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EPA recognizes over 400 federal facilities.

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May 30, 2014 - As part of the Federal Green Challenge, more than 400 federal facilities representing nearly 1.6 million federal employees are leading by example by taking steps to reduce the federal government’s environmental impact in 2013, resulting in estimated cost savings of more than $42 million to U.S. taxpayers. For example, by increasing recycling and composting alone in 2013, participating facilities had the equivalent impact of taking 196,000 cars off the road for one year.

EPA Recognizes over 400 Federal Facilities for Achieving $42 Million in Cost Savings and Environmental Benefits


Environmental Protection Agency (EPA)
Ariel Rios Building
Washington, DC, 20460
USA



Press release date: May 22, 2014

--WASHINGTON - Today the U.S. Environmental Protection Agency (EPA) is recognizing federal facilities for their efforts to reduce the environmental impacts of facilities across the country. As part of the Federal Green Challenge (FGC), more than 400 federal facilities representing nearly 1.6 million federal employees are leading by example by taking steps to reduce the federal government’s environmental impact in 2013, resulting in an estimated cost savings of more than $42 million to U.S. taxpayers. The environmental impacts of these actions are significant; by increasing recycling and composting alone in 2013, the participating facilities had the equivalent impact of taking 196,000 cars off the road for one year, in addition, fuel and natural gas reduction efforts at these facilities had the equivalent impact of taking 21,000 cars of the road for one year.

“These facilities are advancing sustainability within their own agencies and demonstrating leadership in the federal government as a whole,” said Mathy Stanislaus, assistant administrator for EPA’s Office of Solid Waste and Emergency Response. “From national parks to research laboratories, federal employees across the country are finding innovative ways to reduce fuel use, increase recycling, conserve energy, and generate significant cost savings.”

A national effort under EPA's Sustainable Materials Management Program, the FGC allows federal offices or facilities to pledge participation in reducing the federal government's environmental impact and recognizes outstanding efforts that go beyond regulatory compliance and strive for annual improvements in selected target areas (Waste, Electronics, Purchasing, Water, Energy and/or Transportation).  Within these areas, additional accomplishments by participants included: diverting more than 500,000 tons of MSW and C&D waste from landfills and reducing fleet distance traveled by 16.5 million miles. Agencies report their improvements to EPA, demonstrating the financial and environmental benefits of their actions.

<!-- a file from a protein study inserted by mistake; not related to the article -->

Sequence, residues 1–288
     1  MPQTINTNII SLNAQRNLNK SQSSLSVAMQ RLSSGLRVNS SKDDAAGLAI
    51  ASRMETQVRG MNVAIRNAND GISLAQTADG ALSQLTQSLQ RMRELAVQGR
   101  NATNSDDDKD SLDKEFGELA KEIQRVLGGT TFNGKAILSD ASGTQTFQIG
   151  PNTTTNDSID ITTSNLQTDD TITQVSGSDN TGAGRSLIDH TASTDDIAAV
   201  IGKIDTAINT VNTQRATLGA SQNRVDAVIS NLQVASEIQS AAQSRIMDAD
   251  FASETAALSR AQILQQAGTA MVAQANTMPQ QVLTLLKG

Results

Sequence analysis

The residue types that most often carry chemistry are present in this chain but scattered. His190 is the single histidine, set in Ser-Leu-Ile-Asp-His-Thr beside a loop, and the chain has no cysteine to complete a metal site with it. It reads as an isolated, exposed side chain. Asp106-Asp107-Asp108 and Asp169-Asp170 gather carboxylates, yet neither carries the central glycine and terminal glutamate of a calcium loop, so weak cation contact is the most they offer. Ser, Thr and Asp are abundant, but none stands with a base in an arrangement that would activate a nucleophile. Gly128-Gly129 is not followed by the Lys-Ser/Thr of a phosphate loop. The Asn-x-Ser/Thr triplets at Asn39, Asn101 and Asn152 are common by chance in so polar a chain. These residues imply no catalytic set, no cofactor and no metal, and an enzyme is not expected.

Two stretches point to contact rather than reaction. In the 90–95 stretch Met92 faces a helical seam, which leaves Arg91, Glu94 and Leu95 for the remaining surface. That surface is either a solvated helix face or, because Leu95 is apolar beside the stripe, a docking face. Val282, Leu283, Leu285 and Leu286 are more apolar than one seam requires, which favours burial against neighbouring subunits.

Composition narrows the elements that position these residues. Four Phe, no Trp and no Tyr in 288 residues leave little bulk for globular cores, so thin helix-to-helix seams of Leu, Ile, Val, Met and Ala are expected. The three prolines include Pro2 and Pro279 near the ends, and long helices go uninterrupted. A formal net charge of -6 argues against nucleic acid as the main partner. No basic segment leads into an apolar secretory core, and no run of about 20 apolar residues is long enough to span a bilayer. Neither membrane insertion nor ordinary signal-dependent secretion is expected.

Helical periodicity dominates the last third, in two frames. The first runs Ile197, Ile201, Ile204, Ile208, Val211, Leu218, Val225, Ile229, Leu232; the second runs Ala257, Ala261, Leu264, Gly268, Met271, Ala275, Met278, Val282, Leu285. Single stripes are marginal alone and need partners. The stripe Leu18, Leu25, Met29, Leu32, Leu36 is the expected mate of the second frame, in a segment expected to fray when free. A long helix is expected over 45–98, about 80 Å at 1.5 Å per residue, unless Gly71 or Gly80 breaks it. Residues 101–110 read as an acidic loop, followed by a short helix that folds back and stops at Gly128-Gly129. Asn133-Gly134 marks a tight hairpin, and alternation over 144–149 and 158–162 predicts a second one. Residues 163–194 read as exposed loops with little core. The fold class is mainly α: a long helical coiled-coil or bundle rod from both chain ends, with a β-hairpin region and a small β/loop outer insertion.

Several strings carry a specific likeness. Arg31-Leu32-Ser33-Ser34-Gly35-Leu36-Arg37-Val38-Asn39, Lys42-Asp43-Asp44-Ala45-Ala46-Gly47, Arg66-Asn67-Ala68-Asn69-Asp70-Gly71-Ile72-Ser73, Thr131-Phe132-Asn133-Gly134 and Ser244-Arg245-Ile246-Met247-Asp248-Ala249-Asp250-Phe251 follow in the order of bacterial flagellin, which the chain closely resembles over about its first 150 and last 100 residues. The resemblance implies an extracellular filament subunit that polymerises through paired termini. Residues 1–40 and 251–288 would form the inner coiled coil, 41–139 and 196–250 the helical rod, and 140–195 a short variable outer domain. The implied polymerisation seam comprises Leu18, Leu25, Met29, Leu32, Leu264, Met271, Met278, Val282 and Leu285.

For the second year in a row, EPA is recognizing facilities for improvements made within one year.

The 2014 National Awardees are:

Overall Achievement - highest overall level of performance
Improvement by Target Area - highest increased percentage over previous year
-- Waste
-- Electronics
-- Purchasing
-- Energy
-- Water: Nez Perce National Historical Park, National Park Service, Department of the Interior (DOI), Spalding, Idaho
-- Transportation

Improvement by Target Area - highest increased percentage over previous year
-- Waste: Naval Base Coronado, U.S. Navy, Department of Defense (DOD), San Diego, Calif.
-- Electronics: Oak Ridge National Laboratory, Department of Energy (DOE), Oak Ridge, Tenn.
-- Purchasing: Brookhaven National Laboratory, Office of Science, Department of Energy (DOE), Upton, N.Y.
-- Energy: Marine Corps Air Station Miramar, U.S. Marine Corps, Department of Defense (DOD), San Diego, Calif.
-- Water: Nez Perce National Historical Park, National Park Service, Department of the Interior (DOI), Spalding, Idaho
-- Transportation: Bonneville Power Administration, Department of Energy (DOE), Portland, Ore.

Data collected from the challenge show that FGC participants sent 1,765 tons of end of life electronics to third party certified recyclers, minimizing environmental impacts – including water and energy use, releases to air and water, greenhouse gas emissions, and land use impacts by making decisions informed by the full life-cycle perspective. When products are reused and materials are recycled, the need to extract new raw materials is avoided and more resources are conserved. For example, for every million cell phones recycled, 35,274 pounds of copper, 772 pounds of silver, 75 pounds of gold and 33 pounds of palladium can be recovered.

More information on the Federal Green Challenge: http://www.epa.gov/fgc/awards/2014.html
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